Agency: Deutsch (NY)
Dreative director: Cheryl Van Ooyen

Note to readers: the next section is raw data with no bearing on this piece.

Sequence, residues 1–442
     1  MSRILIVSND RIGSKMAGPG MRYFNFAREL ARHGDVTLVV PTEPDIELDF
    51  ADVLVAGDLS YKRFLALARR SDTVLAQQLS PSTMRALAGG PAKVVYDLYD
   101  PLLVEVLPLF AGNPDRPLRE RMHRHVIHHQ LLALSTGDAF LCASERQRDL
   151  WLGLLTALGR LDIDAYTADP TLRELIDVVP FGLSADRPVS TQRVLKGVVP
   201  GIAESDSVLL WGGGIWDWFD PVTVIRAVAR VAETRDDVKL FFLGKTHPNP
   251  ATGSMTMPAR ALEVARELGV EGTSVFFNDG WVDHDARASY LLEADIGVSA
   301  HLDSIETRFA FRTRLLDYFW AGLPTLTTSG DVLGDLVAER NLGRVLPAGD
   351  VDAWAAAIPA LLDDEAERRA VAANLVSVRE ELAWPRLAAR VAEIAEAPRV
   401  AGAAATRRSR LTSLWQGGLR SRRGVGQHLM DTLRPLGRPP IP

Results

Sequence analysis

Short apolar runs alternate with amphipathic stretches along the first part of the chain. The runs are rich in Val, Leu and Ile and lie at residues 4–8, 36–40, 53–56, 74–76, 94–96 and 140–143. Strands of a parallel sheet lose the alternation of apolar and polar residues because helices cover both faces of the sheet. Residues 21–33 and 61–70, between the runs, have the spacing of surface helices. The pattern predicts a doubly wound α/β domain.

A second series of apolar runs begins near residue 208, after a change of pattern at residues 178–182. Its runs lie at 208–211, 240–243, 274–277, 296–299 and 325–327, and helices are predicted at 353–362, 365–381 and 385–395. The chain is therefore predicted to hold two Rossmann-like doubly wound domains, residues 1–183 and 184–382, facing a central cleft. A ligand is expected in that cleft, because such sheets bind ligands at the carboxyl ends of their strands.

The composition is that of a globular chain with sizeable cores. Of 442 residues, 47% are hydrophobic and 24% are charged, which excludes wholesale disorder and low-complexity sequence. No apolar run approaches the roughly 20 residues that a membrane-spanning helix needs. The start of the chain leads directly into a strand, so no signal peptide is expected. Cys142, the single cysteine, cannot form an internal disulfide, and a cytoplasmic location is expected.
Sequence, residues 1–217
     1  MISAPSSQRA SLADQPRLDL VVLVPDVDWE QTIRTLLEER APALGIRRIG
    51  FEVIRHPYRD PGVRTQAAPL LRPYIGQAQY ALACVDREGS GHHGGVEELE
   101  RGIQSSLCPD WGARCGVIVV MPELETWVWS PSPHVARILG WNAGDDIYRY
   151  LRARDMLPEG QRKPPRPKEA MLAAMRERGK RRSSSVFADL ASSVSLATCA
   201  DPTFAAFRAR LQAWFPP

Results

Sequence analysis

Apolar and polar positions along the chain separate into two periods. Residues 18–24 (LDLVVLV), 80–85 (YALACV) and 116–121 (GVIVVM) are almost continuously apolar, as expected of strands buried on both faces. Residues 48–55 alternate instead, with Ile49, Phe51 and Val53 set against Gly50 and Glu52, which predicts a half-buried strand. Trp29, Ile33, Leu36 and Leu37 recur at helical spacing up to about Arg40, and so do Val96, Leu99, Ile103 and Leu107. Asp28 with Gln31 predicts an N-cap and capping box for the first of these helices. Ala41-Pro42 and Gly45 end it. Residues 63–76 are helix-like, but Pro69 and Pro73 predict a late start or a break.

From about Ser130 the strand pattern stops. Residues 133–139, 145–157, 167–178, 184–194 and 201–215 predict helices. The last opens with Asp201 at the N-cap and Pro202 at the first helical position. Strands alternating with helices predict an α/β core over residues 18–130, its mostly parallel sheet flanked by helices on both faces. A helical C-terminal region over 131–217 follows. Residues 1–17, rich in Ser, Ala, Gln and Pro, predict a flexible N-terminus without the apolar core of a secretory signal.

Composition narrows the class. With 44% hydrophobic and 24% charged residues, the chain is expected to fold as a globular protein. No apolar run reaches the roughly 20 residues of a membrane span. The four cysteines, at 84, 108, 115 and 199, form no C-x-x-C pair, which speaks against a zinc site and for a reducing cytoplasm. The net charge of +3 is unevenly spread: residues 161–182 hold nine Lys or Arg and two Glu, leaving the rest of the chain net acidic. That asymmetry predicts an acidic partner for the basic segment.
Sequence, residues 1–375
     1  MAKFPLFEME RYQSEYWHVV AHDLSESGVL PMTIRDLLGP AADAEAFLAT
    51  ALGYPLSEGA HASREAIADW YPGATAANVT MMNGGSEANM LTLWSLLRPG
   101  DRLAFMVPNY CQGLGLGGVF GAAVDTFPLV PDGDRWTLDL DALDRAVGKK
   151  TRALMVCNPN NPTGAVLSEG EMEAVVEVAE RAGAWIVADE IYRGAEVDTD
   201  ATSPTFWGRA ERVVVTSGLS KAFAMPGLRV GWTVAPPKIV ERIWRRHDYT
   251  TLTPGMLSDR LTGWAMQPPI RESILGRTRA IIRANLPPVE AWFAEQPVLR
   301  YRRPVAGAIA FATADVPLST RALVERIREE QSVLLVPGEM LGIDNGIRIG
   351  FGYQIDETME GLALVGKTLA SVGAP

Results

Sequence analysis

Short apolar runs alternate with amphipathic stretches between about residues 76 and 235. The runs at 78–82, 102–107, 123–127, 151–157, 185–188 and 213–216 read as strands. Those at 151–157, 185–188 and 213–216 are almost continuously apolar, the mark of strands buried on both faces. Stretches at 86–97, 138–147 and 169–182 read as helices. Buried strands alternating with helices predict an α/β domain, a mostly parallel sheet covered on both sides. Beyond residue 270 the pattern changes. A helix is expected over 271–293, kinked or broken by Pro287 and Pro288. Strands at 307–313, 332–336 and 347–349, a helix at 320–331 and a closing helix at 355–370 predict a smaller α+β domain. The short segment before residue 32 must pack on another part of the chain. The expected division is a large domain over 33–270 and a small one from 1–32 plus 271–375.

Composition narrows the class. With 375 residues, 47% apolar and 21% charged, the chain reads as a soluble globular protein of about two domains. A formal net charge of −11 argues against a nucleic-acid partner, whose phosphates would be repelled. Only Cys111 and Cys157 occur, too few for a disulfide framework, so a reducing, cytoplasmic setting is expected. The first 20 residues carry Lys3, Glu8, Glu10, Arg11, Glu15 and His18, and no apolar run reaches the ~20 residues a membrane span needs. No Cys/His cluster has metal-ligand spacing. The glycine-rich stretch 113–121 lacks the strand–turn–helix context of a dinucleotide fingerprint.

Who needs Wendy? Snapple, which built its early screwball reputation on commercials featuring Wendy the Snapple Lady, has finally struck a rich new vein of comedy gold. In a fresh round of spots that continue a theme introduced last winter, Snapple presents a faux-earnest montage of its fruits -- guys in costumes -- frolicking about. Sound like a ripoff of the Fruit of the Loom characters? Well, it is, but it's a clever ripoff, and the Snapple fruits have a better back story: "We know the pressures facing young fruit today," Snapple's "Director of Fruit Relations" says. "How easy it is to go bad, start hanging with a bad crowd, mixing with preservatives." The fruits are shown at a Snapple-run reform school, exercising, lying in bunk beds, even handing over urine samples as they file out of bathroom stalls. Because they have no eyes, they tend to trip on stuff and bump into things, and the slapstick underscores the fruits' innocence and all-natural goodness. Good thing they're so sheltered: The non-carbonated-fruit-beverage business is cutthroat, and parent company Triarc has faced an uphill battle since buying Snapple from Quaker in 1997 for $300 million (a fire-sale price; Quaker paid $1.7 billion just a few years earlier). After years of decline, sales are creeping up again, thanks in no small part to these spots, which once again put the endearingly idiotic Snapple brand front and center in the pop-culture consciousness.